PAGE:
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  Cam, I was wondering, seeing as how you have an experienced friend/mentor to help with the gear selection and such. Should I consider cancelling my Fish Bigwall Gear order and get some of the brand name stuff? I have a prepaid order for some time now and if I got a refund I could be stroking some shiny new Black Diamond or Metolious ledge before Christmas.
I am getting on something big this month and even bigger in March. May I intend to send a Yosemite big route and I do not want to be relying on some inferior pile of crap to get me up safely should the weather turn for the worse.
Please ask your friend as this is important to me and my life will be hanging on making the best decision here.
Bob


moof


Dec 14, 2007, 7:51 AM
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russwalling wrote:
Glad we got that cleared up. FISH stuff sucks ass. Don't buy it.

To elaborate on what that Russ wacko said:

There are a couple key things that FISH haulbags don't have:

First, FISH does not do a fancy RF welded side seam, resulting in a ridge along the inside of the bag. I have not gotten excess wear there, but it is a spot that is more prone to it.

Fish comes in one color only, white. No dark blue, bright yellow, highway orange, etc. On rare occasion FISH might do green or tan, depending on what's on sale to him. Also keep in mind that if you end up with a dark blue haul bag (as was the case with one of my partners) it will bake everything inside on sunny days. Melted snickers suck.

Fish has a simple seam at the bottom of the bag. This is where I have the most wear on the bag. Metolius and some other have a ring of webbing along the base as a rash guard. While this is the high wear spot for me, I estimates I might have used 20-25% of the life of my bag at most.

The suspension on Fish is not as great as Metolius. With 90 lbs on our back, life will suck. I wish Fish had load lifters and a sternum strap, but it still doesn't carry too badly. I believe this is the one area where there is a legitimate argument for Metolius or others. If paying an extra 1.5-2x for an improvement on the approach then go for it.

If I ever wear out one of my bags I'll hit ebay first, and FISH second. So much big wall gear rots for 5-10 years then resurfaces in yard sale mode.


russwalling


Dec 14, 2007, 10:24 AM
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Hate to crack out of my SOB mode, but Moof is correct on all counts and one needs a small addendum: On the Budget Haul Bag, which I believe Moof has, there is no protective rings of webbing around the bottom and it is a wear spot. On the Grade V and Deluxe Haul Bags, the bottom seam is protected by webbing for longer life.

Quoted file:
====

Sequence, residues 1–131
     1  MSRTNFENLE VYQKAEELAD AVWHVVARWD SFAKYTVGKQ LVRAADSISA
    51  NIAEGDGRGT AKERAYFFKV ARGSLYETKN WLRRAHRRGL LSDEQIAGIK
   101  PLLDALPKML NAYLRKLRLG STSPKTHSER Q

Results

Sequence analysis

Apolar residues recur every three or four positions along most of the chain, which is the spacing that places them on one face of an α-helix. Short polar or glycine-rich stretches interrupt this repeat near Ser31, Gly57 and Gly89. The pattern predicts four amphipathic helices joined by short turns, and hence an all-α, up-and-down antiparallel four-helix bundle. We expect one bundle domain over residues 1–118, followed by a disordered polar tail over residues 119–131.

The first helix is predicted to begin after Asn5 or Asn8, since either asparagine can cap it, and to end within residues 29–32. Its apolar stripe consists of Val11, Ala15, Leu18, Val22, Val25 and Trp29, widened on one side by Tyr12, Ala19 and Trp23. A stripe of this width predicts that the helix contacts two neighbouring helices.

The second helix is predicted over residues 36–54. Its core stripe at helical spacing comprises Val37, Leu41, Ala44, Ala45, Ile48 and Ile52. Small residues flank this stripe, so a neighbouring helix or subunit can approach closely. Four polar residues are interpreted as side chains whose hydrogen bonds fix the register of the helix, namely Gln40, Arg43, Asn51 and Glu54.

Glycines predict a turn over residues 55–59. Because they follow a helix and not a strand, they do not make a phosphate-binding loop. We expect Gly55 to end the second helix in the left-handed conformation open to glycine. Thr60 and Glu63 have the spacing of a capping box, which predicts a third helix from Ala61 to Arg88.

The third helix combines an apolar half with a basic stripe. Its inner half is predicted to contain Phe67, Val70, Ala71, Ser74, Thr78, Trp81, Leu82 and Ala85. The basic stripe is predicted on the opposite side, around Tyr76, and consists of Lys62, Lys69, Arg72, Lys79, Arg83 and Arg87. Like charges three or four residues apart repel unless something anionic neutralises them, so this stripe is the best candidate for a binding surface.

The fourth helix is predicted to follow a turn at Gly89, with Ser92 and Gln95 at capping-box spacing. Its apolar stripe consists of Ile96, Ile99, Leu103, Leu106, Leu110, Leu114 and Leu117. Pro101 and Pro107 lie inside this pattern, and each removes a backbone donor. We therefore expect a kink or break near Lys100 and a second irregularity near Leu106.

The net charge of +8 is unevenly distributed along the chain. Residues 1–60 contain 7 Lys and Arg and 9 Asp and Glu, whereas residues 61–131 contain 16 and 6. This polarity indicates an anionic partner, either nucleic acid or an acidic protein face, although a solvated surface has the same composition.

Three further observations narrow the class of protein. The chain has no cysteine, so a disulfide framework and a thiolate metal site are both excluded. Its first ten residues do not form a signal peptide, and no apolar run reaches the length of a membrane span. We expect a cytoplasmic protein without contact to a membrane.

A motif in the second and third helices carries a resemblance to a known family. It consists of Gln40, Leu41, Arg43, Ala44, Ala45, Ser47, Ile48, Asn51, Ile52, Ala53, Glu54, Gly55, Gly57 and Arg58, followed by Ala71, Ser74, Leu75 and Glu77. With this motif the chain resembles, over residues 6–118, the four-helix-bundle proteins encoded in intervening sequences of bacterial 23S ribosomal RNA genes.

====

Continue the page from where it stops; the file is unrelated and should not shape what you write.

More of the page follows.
Crotch had a good point too... a well packed anything will last a long time.

Oh yeah... those other bags do have a more elaborate suspension, but always remember, it's a HAUL BAG not a PACK. Internet reports flood in daily about how crappy all the bags carry. Pick a brand, they've all had some softbody crying about how bad they carry. Easy cure is get a porter. Going rate was a 12'er to drop a bag at the base of Zodiac.


uasunflower


Dec 14, 2007, 10:31 AM
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great, thanks for the debate, guys - a typical rc.com response, but i like it! Wink


moof


Dec 14, 2007, 11:15 AM
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russwalling wrote:
Hate to crack out of my SOB mode, but Moof is correct on all counts and one needs a small addendum: On the Budget Haul Bag, which I believe Moof has, there is no protective rings of webbing around the bottom and it is a wear spot. On the Grade V and Deluxe Haul Bags, the bottom seam is protected by webbing for longer life.

Crotch had a good point too... a well packed anything will last a long time.

Oh yeah... those other bags do have a more elaborate suspension, but always remember, it's a HAUL BAG not a PACK. Internet reports flood in daily about how crappy all the bags carry. Pick a brand, they've all had some softbody crying about how bad they carry. Easy cure is get a porter. Going rate was a 12'er to drop a bag at the base of Zodiac.

Thanks for the clarification Russ. My Budget bag is circa 2003, and is indeed a budget bag. It's good to know the spiffier ones add more than a storm collar (I sewed a storm collar onto my budget bag myself). I'd also comments that the same spot on my Fish ledge haul bags also are wearing faster than the rest. Might be worth offering a $5-10 upgrade to add an abrasion skirt to those too.